General Description - Hip-Knee-Ankle-Foot Orthotics PDF Print E-mail

A hip-knee-ankle-foot orthosis (HKAFO) consists of a hip joint and pelvic band in addition to a KAFO. The orthotic hip joint is positioned with the patient sitting upright at 90°, while the orthotic knee joint is centered over the medial femoral condyle. Pelvic bands complicate dressing after toileting unless the orthosis is worn under all clothing. Pelvic bands increase the energy demands for ambulation.


  • Pelvic bands
    • Bilateral pelvic band - This band is used more commonly with its posterior metal ends located anterior to the lateral midline of the pelvis and is interconnected by a flexible belt.
    • Unilateral pelvic band - This band rarely is used because most conditions requiring a HKAFO have bilateral involvement.
    • Pelvic girdle - The pelvic girdle is made of molded thermoplastic materials, providing a maximum degree of control in patients with bilateral involvement.
    • Silesian belt - This belt has no metal or rigid band and offers mild resistance to abduction and rotation of the hip. The Silesian belt attaches to the lateral upright and encircles the pelvis.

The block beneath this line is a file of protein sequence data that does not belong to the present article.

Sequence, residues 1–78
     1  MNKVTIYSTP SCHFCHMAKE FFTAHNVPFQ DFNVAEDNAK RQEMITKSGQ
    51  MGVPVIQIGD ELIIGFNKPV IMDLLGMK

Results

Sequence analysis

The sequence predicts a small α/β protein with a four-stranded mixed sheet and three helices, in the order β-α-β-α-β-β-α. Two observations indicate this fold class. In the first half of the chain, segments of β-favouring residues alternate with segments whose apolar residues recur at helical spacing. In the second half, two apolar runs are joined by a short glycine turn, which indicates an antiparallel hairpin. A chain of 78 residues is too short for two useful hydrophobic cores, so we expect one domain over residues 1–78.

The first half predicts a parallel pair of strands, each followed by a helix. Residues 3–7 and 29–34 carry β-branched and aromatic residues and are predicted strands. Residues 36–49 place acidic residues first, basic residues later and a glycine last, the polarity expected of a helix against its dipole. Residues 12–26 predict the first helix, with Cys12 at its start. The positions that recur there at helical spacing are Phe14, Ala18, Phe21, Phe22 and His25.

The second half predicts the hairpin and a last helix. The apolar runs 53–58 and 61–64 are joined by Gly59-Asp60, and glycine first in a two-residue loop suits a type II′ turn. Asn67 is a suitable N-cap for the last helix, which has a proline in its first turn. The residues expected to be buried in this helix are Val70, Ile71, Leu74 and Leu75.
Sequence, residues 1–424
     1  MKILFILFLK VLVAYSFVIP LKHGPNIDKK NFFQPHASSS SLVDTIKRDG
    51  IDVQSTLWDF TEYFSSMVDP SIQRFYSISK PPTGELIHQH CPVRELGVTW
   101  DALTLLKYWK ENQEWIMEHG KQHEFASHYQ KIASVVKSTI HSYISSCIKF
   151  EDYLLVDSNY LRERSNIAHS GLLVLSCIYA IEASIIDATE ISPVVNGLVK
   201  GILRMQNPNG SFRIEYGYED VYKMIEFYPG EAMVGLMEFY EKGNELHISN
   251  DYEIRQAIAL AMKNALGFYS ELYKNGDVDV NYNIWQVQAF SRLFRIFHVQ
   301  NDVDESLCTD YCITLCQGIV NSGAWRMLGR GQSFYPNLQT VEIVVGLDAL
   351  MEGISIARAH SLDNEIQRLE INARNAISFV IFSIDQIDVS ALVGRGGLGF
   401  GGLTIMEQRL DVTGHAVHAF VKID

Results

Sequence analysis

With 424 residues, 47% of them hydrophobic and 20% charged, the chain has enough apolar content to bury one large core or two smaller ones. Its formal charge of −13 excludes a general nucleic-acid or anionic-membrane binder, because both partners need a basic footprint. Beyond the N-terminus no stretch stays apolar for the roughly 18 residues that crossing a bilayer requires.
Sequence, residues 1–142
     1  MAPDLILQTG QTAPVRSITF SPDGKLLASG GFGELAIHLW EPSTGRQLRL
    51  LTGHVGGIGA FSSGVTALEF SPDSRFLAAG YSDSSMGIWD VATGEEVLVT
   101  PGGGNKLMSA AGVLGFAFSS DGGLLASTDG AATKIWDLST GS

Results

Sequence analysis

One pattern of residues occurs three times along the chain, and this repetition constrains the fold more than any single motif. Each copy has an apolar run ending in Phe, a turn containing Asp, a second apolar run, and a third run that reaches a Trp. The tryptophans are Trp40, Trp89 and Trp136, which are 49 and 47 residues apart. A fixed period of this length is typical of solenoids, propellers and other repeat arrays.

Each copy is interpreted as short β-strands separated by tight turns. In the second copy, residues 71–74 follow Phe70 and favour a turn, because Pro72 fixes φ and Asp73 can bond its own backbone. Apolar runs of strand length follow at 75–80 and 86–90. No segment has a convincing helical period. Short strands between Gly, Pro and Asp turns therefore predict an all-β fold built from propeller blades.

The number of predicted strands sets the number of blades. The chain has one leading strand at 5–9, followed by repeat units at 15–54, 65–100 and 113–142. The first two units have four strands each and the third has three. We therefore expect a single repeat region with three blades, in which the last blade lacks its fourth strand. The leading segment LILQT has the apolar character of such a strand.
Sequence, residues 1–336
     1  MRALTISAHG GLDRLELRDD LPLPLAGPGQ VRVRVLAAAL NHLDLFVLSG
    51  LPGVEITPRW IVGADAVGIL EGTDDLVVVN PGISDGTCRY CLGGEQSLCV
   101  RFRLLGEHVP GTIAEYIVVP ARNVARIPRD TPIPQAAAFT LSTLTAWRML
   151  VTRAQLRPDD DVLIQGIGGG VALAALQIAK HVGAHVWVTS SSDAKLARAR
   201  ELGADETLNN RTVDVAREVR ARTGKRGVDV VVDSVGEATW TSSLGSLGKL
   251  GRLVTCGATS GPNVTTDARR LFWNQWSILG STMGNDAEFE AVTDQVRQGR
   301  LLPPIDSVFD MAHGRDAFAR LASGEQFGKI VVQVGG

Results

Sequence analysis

• Hip joints and locks - The hip joint can prevent abduction and adduction as well as hip rotation.
    • Single-axis hip joint with lock - This joint is the most common hip joint with flexion and extension. The single axis hip joint with lock may include an adjustable stop to control hyperextension.
    • Two-position lock hip joint - This hip joint can be locked at full extension and 90° of flexion and is used for hip spasticity control in a patient who has difficulty maintaining a seated position.
    • Double-axis hip joint - This hip joint has a flexion-extension axis and abduction-adduction axis to control these motions.

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